Jae C. Hong / AP

Firefighter A.J. Tevis watches the flames of the Rim Fire near Yosemite National Park, Calif. on Sunday.

More Information

  • Damage report

    • The so-called Rim Fire had burned about 134,000 acres as of late Sunday - about 9,000 acres more than it had the previous day - making it the 14th largest fire since California began keeping records on wildfires in 1932 and the second largest in Tuolumne County.

    • The U.S. Forest Service says about 4,500 structures are threatened by the fire. At least 23 structures have been destroyed, though officials have not determined whether they were homes or rural outbuildings.

Crews battle huge wildfire raging in Yosemite area

Published: Wednesday, Aug. 28, 2013 - 12:56 pm

Crews working to contain one of California’s largest-ever wildfires made advances overnight against the flames threatening San Francisco’s water supply, several towns near Yosemite National Park and historic giant sequoias.

Containment of the Rim Fire more than doubled to 15percent, although it was within a mile of Hetch Hetchy Reservoir, the source of San Francisco’s famously pure drinking water, officials said Monday.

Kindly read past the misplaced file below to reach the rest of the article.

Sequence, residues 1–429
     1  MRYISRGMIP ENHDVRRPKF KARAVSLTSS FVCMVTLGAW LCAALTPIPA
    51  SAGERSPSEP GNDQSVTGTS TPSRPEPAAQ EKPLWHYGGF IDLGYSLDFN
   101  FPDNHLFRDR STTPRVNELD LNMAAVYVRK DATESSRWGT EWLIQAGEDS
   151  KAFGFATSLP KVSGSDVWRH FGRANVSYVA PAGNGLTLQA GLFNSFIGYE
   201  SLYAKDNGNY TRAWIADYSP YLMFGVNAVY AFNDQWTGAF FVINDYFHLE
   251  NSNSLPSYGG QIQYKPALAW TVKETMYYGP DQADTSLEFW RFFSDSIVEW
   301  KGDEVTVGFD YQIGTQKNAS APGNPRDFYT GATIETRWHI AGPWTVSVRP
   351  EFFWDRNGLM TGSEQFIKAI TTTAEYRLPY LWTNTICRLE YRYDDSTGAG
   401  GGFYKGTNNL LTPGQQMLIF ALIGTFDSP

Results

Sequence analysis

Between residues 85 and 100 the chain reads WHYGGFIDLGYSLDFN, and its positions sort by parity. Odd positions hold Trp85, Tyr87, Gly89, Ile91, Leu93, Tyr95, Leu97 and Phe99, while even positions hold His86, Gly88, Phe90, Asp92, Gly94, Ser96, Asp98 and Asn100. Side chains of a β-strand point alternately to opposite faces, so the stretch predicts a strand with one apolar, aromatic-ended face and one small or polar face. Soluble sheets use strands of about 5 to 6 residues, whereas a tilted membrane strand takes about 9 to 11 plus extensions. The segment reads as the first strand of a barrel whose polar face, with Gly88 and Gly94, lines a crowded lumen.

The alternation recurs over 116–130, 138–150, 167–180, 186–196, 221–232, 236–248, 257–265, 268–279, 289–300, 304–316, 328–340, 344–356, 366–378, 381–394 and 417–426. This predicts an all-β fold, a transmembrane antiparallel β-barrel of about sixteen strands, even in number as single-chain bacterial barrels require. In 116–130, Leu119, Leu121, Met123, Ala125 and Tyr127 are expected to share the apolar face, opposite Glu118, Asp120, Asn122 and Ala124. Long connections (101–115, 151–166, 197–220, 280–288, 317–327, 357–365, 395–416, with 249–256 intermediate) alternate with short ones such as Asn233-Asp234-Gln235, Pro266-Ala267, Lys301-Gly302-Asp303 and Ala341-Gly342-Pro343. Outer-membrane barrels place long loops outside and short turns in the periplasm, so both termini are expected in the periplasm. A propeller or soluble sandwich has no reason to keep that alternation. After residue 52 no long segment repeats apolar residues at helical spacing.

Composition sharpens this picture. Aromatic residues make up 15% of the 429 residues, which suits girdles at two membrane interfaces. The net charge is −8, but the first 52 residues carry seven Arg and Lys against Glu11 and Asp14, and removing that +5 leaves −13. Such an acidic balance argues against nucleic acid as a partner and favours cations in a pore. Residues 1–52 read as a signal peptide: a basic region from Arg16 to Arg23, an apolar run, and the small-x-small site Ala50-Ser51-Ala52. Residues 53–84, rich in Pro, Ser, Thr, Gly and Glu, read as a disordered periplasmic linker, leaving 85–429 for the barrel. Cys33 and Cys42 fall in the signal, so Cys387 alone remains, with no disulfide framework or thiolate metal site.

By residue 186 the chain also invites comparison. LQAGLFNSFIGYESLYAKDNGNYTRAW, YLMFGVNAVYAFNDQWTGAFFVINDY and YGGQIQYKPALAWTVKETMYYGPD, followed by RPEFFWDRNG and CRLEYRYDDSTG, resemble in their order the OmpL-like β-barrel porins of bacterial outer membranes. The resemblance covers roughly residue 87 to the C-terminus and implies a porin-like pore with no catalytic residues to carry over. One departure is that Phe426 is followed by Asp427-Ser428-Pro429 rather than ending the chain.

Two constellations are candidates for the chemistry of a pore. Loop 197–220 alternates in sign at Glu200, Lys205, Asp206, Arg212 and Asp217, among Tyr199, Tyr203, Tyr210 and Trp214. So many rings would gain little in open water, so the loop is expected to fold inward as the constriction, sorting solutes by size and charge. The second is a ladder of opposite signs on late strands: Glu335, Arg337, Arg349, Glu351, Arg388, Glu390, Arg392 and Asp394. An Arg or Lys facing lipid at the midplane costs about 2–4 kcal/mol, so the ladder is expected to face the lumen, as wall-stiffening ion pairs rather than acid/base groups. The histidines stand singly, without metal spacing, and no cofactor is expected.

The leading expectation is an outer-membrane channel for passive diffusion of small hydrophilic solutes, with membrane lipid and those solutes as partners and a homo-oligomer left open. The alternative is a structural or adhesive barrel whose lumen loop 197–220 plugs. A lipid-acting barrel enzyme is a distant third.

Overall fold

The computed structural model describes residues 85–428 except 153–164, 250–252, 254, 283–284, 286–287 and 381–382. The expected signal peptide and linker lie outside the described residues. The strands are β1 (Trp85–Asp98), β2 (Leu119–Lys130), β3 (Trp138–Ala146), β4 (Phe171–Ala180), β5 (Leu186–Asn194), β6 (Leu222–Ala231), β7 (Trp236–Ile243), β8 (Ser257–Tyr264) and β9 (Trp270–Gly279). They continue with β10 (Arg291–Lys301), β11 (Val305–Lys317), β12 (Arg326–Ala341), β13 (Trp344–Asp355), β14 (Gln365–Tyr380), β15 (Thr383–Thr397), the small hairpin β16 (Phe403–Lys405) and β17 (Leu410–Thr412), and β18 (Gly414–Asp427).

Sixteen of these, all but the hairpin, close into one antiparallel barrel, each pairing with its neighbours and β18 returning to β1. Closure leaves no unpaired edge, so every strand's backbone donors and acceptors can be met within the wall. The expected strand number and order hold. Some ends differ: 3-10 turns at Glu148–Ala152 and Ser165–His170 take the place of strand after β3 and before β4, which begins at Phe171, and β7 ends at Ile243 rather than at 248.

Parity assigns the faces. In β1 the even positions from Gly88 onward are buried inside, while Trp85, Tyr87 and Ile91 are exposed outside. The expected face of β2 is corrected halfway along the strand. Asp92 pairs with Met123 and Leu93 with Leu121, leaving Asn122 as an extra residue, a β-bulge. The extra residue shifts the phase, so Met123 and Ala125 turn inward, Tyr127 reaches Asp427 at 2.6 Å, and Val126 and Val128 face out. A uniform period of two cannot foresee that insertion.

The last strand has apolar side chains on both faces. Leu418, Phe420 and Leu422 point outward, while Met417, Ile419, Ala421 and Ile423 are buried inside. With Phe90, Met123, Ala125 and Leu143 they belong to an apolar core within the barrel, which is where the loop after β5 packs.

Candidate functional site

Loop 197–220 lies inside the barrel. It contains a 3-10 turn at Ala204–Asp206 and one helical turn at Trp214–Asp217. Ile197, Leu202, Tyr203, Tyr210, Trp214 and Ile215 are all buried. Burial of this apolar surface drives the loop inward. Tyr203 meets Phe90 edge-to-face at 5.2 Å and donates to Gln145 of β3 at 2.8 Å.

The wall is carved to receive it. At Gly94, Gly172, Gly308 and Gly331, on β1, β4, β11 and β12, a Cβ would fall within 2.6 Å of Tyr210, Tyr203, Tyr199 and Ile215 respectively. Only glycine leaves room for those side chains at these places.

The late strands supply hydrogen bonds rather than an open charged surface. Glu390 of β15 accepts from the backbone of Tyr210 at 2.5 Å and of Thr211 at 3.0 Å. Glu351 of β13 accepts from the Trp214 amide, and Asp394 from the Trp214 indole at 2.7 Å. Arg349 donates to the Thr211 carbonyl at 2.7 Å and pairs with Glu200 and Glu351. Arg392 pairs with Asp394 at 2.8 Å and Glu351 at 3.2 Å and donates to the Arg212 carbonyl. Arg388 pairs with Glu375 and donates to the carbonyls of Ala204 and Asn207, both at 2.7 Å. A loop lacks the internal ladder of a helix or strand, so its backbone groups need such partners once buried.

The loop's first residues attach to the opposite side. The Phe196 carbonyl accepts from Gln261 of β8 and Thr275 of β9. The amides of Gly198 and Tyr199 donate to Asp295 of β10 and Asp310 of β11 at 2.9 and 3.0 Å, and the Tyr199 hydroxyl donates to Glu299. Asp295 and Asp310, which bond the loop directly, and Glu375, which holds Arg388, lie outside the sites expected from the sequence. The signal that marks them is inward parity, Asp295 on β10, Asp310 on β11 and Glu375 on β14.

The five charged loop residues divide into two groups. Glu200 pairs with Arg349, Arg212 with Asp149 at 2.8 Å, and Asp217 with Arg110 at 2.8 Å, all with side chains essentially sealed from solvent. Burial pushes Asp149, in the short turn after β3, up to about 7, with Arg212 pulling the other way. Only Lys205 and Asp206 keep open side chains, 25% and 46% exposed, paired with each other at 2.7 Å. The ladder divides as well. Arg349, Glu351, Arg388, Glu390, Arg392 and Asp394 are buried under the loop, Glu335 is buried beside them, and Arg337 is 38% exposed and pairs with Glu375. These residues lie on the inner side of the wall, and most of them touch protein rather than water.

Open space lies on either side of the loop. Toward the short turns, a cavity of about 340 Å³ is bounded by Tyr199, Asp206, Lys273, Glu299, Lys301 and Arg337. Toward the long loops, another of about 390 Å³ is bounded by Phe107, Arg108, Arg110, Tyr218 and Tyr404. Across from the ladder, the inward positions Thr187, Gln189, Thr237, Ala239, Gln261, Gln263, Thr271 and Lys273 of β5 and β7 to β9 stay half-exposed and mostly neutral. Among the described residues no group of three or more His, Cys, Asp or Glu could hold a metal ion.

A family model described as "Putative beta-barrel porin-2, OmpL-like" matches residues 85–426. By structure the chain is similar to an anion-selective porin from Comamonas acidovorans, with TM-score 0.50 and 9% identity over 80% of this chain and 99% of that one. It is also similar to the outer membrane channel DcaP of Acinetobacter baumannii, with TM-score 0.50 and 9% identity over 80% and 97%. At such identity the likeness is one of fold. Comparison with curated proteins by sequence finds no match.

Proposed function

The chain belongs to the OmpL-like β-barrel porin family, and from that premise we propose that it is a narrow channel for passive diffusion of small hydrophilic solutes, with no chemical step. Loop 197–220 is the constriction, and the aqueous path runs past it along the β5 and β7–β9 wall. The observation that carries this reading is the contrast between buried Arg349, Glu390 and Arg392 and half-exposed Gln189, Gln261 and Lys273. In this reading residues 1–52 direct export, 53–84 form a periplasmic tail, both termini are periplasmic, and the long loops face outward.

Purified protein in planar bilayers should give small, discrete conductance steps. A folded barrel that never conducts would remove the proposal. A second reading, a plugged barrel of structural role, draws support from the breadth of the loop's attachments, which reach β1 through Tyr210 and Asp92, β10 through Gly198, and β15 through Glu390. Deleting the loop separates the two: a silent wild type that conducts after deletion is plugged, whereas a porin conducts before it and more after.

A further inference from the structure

“Obviously, it’s the water supply of the city of San Francisco, so we’re paying a lot of attention to that,” said Glen Stratton, an operations section chief on the fire.

The fire, which has grown to 234 square miles in size, also posed a threat to giant sequoias in Yosemite National Park. Crews were using sprinklers and lighting fires to clear brush, though the fire remained several miles from the massive trees, Stratton said.

Another part of the fire that is also burning into the park was not of major concern because it was running into rocks that are not heavily forested, Stratton said.

While it has closed some backcountry hiking, the fire has not threatened the Yosemite Valley, home to iconic sights such as the Half Dome and El Capitan rock formations and Bridalveil and Yosemite falls. Most of the park remained open to visitors. Park spokesman Scott Gediman said Monday morning he was not aware of any additional threats to the park overnight.

The U.S. Forest Service says about 4,500 structures are threatened by the fire. At least 23 structures have been destroyed, though officials have not determined whether they were homes or rural outbuildings.



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